of the newly-erected cottage.’

The Italian version of the folklore of the one-night house was the subject 
of Vittorio De Sica’s film Il Tetto (The Roof) which appeared in 1956. A 
more recent film La Estrategia del Caracol (The Snail’s Strategy), made in 
Colombia in 1993, seeks to dramatise the belief that its director, Sergio 
Cabrera, describes as a remnant from ancient Germanic law, claiming that so 
long as there is no trace of a break-in to the site and that it is 
furnished with a table and four chairs, a house built in one night, if it 
has a roof, cannot be torn down.

In eastern France, a scholar, G. Jeanton, from the Bresse region around 
Macon, described how it was generally understood there that everyone had a 
right to appropriate a portion of the commune’s land to build a house 
between sunset and sunrise. He explained that the younger members of poor 
families would sometimes spend the whole winter preparing the woodwork of 
their house with their family and friends, and then on a fine night when 
all was ready, the family would assemble on a patch of waste land, and with 
great agility would erect the house, ‘rustic, no doubt, but complete from 
its wooden threshold to its thatched roof’, and ‘when the sun rose, its 
rays would shine on the bunch of flowers that the peasant architects had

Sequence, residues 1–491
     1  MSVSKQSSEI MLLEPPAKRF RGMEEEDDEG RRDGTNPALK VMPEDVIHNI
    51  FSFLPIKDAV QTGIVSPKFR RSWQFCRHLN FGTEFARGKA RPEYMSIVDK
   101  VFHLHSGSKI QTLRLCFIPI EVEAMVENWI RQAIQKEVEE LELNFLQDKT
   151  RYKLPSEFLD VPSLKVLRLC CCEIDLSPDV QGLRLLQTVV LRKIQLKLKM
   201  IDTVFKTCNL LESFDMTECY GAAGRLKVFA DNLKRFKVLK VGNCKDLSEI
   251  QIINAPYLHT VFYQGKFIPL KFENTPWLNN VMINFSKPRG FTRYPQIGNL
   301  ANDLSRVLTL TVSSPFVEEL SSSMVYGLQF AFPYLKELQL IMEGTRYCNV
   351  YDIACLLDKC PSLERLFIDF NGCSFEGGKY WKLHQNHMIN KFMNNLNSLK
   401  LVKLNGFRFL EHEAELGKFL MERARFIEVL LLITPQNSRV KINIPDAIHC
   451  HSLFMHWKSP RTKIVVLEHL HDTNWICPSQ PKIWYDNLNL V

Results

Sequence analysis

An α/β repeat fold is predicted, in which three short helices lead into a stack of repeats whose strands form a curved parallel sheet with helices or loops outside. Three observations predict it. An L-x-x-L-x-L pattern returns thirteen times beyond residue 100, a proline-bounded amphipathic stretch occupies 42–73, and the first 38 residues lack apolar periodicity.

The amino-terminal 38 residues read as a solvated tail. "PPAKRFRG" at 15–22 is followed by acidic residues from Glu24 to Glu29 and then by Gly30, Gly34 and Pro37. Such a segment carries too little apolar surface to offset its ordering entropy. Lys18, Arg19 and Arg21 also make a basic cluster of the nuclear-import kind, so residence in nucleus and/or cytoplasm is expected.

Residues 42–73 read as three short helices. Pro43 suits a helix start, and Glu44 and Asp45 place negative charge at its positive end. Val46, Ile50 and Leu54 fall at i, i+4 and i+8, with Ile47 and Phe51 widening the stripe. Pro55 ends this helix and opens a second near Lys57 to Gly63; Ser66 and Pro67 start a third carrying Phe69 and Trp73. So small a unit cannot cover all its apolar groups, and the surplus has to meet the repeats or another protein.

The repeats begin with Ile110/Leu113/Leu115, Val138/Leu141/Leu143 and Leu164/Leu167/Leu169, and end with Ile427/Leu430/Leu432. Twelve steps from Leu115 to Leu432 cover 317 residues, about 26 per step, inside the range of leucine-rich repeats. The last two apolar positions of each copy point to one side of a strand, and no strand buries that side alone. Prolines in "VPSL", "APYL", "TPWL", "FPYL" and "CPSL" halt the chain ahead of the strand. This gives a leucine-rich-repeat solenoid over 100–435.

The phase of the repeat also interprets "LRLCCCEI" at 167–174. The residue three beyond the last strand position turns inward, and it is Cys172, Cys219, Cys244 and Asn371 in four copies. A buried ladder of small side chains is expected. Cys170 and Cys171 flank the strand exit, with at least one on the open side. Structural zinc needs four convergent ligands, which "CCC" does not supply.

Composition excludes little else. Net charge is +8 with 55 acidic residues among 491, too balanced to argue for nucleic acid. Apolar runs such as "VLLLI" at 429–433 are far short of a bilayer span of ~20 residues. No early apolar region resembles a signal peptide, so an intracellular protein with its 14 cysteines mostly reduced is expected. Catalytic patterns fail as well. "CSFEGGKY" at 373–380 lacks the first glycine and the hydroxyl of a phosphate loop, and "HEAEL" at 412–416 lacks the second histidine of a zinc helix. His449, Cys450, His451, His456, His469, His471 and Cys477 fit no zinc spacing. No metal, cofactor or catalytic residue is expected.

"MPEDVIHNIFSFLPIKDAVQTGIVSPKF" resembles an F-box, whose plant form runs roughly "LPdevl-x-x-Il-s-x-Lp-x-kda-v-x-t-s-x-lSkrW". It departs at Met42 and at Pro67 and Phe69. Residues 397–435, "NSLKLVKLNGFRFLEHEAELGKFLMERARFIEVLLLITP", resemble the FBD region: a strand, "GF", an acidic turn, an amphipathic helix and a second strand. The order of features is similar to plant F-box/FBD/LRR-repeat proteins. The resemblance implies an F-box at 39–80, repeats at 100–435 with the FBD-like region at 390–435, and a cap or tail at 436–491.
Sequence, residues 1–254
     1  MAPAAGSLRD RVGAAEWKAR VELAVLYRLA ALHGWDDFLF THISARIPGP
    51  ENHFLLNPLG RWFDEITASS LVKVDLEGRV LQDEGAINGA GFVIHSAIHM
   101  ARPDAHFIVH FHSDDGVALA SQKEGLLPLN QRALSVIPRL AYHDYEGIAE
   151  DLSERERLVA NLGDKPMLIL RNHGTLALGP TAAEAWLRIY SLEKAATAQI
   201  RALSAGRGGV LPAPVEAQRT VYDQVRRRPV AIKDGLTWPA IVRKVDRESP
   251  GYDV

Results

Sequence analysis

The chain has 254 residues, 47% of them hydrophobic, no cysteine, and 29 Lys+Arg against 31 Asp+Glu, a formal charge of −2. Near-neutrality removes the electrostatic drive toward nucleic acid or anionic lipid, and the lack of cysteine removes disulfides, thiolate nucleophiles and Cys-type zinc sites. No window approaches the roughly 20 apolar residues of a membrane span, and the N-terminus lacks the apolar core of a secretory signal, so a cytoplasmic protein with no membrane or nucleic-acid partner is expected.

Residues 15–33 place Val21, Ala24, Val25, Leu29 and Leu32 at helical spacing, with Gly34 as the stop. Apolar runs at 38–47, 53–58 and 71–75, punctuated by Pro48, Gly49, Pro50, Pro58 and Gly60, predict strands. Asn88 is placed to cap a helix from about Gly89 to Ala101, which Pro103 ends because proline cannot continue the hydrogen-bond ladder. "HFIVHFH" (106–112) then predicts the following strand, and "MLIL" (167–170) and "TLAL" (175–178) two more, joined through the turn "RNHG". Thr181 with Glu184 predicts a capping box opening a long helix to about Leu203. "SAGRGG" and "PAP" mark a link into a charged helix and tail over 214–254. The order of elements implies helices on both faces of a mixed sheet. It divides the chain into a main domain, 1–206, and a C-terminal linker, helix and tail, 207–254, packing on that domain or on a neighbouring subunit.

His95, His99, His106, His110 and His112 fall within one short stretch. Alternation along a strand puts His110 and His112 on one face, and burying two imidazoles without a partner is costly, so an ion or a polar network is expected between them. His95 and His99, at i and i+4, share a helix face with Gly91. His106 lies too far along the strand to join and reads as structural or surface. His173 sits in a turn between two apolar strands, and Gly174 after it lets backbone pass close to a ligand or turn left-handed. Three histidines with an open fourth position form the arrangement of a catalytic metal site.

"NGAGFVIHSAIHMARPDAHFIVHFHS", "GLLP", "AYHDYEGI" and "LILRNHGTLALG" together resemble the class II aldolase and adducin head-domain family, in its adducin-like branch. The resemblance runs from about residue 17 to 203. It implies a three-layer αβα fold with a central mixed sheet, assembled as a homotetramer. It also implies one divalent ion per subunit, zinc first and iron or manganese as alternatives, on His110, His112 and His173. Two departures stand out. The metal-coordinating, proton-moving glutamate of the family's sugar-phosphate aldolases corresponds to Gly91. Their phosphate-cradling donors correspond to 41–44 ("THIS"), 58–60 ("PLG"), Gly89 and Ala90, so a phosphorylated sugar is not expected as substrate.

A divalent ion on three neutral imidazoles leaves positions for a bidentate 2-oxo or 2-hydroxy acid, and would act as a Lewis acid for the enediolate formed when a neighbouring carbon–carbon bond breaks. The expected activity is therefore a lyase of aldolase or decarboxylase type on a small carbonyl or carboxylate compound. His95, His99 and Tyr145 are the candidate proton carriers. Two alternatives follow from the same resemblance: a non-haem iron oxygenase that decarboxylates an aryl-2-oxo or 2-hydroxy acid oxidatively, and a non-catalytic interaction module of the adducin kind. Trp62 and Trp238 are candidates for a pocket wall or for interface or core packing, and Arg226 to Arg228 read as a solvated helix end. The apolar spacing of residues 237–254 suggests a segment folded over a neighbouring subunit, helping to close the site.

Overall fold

placed at the top of the roof.’

It had been suggested that this right was a survival from Roman law, but M. 
Jeanton remarked that the same custom had been found in Cornwall where 
Roman law had not applied. He suggests that it is more likely to derive 
from ancient Indo-European folklore.

Turkey has a similar tradition. Long ago, the authors of a study of global 
housing issues explained that ‘perhaps half of Ankara’s 1.5 millions live 
this way, there are gecekondu, acknowledging the fact that, to avoid 
instant legal destruction, any temporary dwelling has to be erected in a 
single night between dusk and dawn.’ Roger Scruton remarks that ‘the result 
is a miracle of harmonious settlement: houses of one or two storeys, in 
easily handled materials such as brick, wood and tiles, nestling close 
together, since none can lay claim to any more garden than the corners left 
over from building, each fitted neatly into the hillside, and with tracks 
running among them through which no cars can pass

Similarly, in the case of squatter settlements all over Latin America, 
favourable circumstances can enable those overnight adventurers to form 
communities that evolve in about fifteen years into fully-serviced suburbs, 
providing livelihoods as well as homes, through people’s ability to turn 
their own labour into capital.

The intriguingly widespread folklore of the one-night house seems to be an 
attempt to find a loophole in the stranglehold of land-ownership to create 
an opportunity to change a family’s destiny. And the fact that the examples 
I have cited of this tradition attribute its origins almost at random to 
old Germanic law, Roman law, old Ottoman law and Indo European tradition, 
show very clearly that nobody knows where this ancient subversive legend 
came from, but that we all have an interest in claiming its legitimacy. For 
you’ll just have to read my book.